You are by Nature

June 13, 2017
By DawnsTears BRONZE, Sunnyvale, California
DawnsTears BRONZE, Sunnyvale, California
1 article 0 photos 0 comments

Favorite Quote:
Serving the poorest of people demands lots of love.

I suppose that it all began when I pulled my pajamas on. I remember it quite clearly- too small pajama bottoms imprinted with snowmen, and a too big green hand-me-down top from my mother. I gazed into the dresser mirror and scrutinized my outfit. I silently thanked God that I didn't have to wear it in public, and began to tunelessly hum. With the backdrop noise of my four younger siblings, I walked down the hallway toward the kitchen. I heard a sudden crash, and stopped dead in my tracks. The usual household clatter seemed to be holding its breath for a few precious seconds.
Then the screaming began. Blood curttling screams erupted from the kitchen, and my legs began to run toward the source. My mother was already on site and on her hands and knees. . My sister Ruth lay on the ground clutching her head, writhing in pain, surrounded by a pool of blood. Instructions were being hurled at all of us; my sisters Hannah and Rebecca abandoning their half-made chocolate milks and bolting towards our bedroom; Ruth being ineffectively comforted; me racing to dampen a washcloth; and my three-year-old brother, well, obliviously playing with trucks. My mind switched to autopilot. I grabbed a washcloth and thrust it under the tap water, before throwing it to my mother. I refused to look at Ruth. I didn't want to know what happened. I leaned on the counter for support.
"Call your father!" I heard someone command me.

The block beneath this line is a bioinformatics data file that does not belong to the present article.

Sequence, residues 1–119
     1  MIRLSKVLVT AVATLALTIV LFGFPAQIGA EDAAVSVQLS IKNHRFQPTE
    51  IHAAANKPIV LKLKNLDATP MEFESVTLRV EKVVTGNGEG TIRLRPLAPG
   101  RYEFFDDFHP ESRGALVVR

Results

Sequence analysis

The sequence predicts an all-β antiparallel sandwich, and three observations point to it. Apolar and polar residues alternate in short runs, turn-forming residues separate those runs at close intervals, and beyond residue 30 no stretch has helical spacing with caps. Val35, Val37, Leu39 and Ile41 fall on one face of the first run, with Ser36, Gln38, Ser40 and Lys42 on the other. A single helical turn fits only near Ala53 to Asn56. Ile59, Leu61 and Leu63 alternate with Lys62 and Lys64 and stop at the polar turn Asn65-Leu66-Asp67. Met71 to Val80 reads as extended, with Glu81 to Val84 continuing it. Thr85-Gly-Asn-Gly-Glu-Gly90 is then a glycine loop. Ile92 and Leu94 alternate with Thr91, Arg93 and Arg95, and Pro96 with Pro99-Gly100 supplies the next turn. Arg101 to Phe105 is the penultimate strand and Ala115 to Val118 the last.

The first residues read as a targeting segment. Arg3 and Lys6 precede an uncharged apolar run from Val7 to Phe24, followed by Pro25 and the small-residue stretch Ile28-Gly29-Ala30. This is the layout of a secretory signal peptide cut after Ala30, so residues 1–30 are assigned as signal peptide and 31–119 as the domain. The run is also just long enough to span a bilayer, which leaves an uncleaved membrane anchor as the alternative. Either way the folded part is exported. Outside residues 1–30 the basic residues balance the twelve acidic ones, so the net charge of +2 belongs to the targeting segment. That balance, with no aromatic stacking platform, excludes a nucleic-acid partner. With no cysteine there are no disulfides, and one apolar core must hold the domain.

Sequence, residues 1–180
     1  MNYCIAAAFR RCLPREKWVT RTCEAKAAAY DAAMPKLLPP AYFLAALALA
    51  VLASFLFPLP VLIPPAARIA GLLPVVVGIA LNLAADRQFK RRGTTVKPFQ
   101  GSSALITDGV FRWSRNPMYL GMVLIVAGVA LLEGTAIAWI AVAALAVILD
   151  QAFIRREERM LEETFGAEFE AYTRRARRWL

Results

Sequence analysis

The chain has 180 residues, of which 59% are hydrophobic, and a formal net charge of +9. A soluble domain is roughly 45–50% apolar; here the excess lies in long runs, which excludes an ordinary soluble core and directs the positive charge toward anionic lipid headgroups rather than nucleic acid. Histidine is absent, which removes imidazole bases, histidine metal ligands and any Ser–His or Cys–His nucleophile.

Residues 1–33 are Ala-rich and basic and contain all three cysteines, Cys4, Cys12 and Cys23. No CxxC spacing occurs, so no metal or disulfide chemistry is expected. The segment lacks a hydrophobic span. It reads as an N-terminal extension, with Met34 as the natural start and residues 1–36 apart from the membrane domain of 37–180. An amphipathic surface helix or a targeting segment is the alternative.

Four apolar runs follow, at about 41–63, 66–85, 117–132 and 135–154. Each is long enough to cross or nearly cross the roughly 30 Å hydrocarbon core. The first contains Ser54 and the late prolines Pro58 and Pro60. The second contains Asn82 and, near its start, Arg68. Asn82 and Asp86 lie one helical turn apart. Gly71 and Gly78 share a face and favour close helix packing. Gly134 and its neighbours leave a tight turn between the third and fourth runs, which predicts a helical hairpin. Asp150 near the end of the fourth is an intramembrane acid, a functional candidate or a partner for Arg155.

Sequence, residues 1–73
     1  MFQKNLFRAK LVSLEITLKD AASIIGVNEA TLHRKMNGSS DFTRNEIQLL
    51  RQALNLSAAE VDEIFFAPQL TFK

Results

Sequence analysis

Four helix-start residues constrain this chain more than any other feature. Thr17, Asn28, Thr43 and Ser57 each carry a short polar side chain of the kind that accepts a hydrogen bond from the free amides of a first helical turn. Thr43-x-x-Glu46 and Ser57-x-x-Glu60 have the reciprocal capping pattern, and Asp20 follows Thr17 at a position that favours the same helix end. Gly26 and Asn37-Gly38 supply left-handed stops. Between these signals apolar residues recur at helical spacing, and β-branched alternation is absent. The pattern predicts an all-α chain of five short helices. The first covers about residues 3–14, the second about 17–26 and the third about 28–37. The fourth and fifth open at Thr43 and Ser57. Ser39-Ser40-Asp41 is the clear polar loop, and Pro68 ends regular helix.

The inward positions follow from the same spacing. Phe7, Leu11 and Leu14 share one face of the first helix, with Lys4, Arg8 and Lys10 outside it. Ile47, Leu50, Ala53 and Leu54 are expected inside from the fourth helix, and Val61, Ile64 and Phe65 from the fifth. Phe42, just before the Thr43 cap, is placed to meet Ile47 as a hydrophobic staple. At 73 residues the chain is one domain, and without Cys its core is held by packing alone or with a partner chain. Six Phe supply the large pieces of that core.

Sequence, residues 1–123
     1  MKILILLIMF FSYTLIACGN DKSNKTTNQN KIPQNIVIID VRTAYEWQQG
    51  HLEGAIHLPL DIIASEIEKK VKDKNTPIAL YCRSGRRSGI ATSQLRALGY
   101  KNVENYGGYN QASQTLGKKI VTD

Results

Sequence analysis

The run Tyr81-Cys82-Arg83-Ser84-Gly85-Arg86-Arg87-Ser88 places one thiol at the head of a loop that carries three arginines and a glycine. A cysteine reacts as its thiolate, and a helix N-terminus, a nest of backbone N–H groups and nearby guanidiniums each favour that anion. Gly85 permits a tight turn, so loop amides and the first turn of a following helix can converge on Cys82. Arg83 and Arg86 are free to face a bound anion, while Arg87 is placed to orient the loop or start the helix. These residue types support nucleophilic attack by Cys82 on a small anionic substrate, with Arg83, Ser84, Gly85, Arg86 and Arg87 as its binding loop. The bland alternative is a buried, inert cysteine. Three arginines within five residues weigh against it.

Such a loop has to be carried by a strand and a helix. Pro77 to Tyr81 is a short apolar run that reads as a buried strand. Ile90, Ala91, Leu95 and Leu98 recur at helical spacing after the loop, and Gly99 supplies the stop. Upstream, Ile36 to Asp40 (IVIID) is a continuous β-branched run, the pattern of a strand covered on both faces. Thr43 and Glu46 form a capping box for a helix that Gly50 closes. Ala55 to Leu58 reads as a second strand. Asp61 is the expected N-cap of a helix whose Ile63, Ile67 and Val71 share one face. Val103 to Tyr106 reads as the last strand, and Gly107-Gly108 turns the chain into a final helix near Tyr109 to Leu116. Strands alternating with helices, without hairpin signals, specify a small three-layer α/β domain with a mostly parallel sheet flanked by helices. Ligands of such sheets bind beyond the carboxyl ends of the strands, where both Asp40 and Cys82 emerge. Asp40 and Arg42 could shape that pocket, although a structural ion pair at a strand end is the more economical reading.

"I don't know his phone number!" I said, panic rising.
My mother relayed his phone number to me, and I frantically dialed it. I prayed that he would pick up the phone.
"Hello?" I heard his calm voice on the receiver.
"Ruthie hurt her head really bad, you need to come home right now!"
The phone emitted a beep.
"Is he coming?"
"I don't know; he hung up."
"Get another washcloth!"
I choked back tears as adrenaline pushed me forward. Ruth began panicking.
"I'm gonna die! I'm gonna die!"
"No, you're not, you're going to be okay," my mother reassured her.
I handed my mother the washcloth, then retreated to the bedroom for a new challenge. Hannah and Rebecca were huddled together, tears streaming down their faces, accompanied by hysterical sobbing. They were panicking about the blood, and, in six-year-old Rebecca's case, abandoned homework. Pounding down the hallway once more, I retrieved the homework from the kitchen table, and thrust it into my sister's hands.
Anything after that is a blur. I remember my dad standing in the doorway, white as a ghost. I remember hurried discussion: quick remarks about the E. R., a concussion, and falling into the table. I remember Ruth being walked out the door. I remember mopping blood off of the kitchen floor, and coaxing my siblings out of their room.
30 minutes later, my mind finally eased off of autopilot as the realization of what happened sunk in. My human emotions returned, and a tear dropped out of my eye. With a final overwhelming realization, I collapsed into a chair.

The author's comments:

No one was expecting sister to slip on a toy thay May afternoon. Neither was anyone expecting her to be rushed to the E. R. to be treated for a concussion. In a situation like this, we rely on our instincts. But what does our instinct say?

This is dedicated to those who helped my sister through her minor concussion, particularly the doctors, friends, and family who stayed with her every step of the way.

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